I broke my toe!
I also presented a class at a kink conference. The class was titled The Art of Begging; I'll let you figure out that one.
A demo was incorporated into the class. I was, of course, the bottom.
I had to fix my tear-stained makeup afterwards. I'll let you figure out that one, too.
Presenting a class is sometimes a delicate thing. You want your audience to learn something; you want them to walk away feeling like their time was well spent; but mainly, you don't want to embarrass yourself.
(At least not in a bad way. I embarrassed myself plenty at the last class I presented, and got resounding applause for it.)
You don't want your listeners to misinterpret or misunderstand what you're trying to say. You don't want to flub and say the wrong thing entirely.
Giving a class is often giving a first impression of yourself to a lot of people. You don't want to fuck that up.
But since it's a kink event, confidentiality also comes into play.
Class presentations are a different breed entirely from discussion groups, at least in my opinion.
Discussion groups typically have a moderator: someone who makes sure the meeting stays civil, on topic, and that everyone a chance to talk.
But the moderator is not there to impart their trained knowledge, or even speak more than anyone else; in fact, moderators often say the least of all. In a discussion group, everyone has equal right to speak, and nobody's opinion is held to higher regard than anyone else's.
We all have our own truth, and as long as we are speaking from our own truth, our words are well received.
But since we're all there on a level playing field, welcome to share our own truth, then holding those words confidential becomes vital. Nobody feels safe to speak when they have to worry later about their words being used against them—which is why discussion groups have rules about confidentiality.
I've discovered that the well-run groups have very strict rules...and very good enforcement.
But in class presentations, there is one teacher, one authority figure, imparting information to an audience. The audience may have the chance to ask questions, and offer up their own knowledge, but for the most part, the person talking is the one people came to see, and they expect to get some value for it.
At a kinky class, confidentiality rules still come into play. People expect that
1. No one who comes to the class will divulge to others whom they saw there
2. No one will share private information that they heard from another audience member
Of course these rules are often only loosely followed. In tight-knit kink communities where everyone knows each other, familiarity induces transgressions, some major, some minor. Breaches of confidentiality occur. When everyone is friends with each other by six degrees of separation or less, it's easy to forget that the rule of Keep Your Mouth Shut still applies.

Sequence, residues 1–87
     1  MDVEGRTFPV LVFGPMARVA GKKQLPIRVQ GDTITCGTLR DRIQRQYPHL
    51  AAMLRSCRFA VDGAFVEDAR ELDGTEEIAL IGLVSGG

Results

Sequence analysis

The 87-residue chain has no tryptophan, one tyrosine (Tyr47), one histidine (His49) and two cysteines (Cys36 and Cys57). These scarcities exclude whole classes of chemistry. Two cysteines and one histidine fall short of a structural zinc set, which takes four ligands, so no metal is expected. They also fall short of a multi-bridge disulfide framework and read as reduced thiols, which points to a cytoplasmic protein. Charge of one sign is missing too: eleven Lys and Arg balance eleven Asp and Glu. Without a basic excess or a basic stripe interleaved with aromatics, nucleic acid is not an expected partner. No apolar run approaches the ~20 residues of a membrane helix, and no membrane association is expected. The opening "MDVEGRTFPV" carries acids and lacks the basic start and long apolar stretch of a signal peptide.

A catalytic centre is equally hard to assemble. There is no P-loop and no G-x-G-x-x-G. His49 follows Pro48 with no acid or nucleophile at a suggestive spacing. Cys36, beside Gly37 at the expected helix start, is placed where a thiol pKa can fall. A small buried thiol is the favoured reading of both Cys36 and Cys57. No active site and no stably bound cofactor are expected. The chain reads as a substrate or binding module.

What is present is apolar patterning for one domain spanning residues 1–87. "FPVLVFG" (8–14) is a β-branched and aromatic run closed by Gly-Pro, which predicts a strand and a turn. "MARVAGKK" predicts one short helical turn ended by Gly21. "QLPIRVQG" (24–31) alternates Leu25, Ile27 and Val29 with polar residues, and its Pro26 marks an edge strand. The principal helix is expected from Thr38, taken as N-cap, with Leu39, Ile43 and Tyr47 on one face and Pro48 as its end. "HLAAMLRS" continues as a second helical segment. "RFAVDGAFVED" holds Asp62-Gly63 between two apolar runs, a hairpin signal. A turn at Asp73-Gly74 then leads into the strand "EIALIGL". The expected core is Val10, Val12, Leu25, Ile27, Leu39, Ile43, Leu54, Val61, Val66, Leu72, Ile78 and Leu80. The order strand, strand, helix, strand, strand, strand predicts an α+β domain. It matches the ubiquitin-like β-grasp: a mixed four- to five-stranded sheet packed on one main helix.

Unfortunately, you never know when the information you share will end up in the wrong ears.
Many of us have horror stories. I know I have one. I shared information about someone's predatory behavior in a discussion group; I later found out a person in the group repeated everything I had said to the very wrong person.
It was messy, unnecessary...and said a lot about that person, frankly.
If you can't abide by the rules of confidentiality, don't go.
But in my opinion, the rules of confidentiality have nuance of exception when it comes to class presenters.
Class presenters are not just offering up their own truth; they're offering up a belief that they want you to incorporate into your own set a beliefs, to change your actions somehow, no matter how slight that change may be.
Class presenters are in a position of authority. When the audience enters that class, they walk in with the assumption the class presenter will present reliable information with credible knowledge—otherwise they never would have been allowed by the organizers to give the class in the first place.
Again, this is my opinion: but I think this should hold them to a higher standard.
I think their words should be shared outside of the class. I think what they say through their place of privilege—because giving a class is a privilege—should be scrutinized and questioned. I do not think they should be able to hide behind the rules of confidentiality to conceal and belie their own words.
But I can't speak for other presenters, I can only speak for me.
So this is my rule as a presenter, clearly spelled out:
I expect everyone who attends one of my classes to keep confidential the identities of those who are there, the faces they see in the crowd. I expect everyone to keep confidential things that other audience members share.
I do not expect anyone to keep confidential the things I say as the class presenter.
You don't like something I said, say so. You want to write a public review, write it. You want to drag me on the carpet for a statement I made, drag away.
As a class presenter, I am willing to take that on. I want it. I think it's one of the inherent responsibilities of any presenter, to be able to stand by their words—or apologize for them. If I can't do that, I shouldn't be presenting in the first place.
Like I said, giving classes is an honor and a privilege. It's a sign of the trust my community has in me, and I want to maintain that trust.
So if you ever hear me say something in one of my classes you think is wrong, or just somehow doesn't sit well with you? Ask me about it; disagree with me in the strongest terms you think are necessary. Public, private, I don't care. It would be nice if tell me when you've hit publish on something somewhere, so I have a chance to respond; but I'm not going to get mad if you don't.
For me, personally, there is no expectation of secrecy when it comes to what I say while presenting.
I just wanted to make that clear.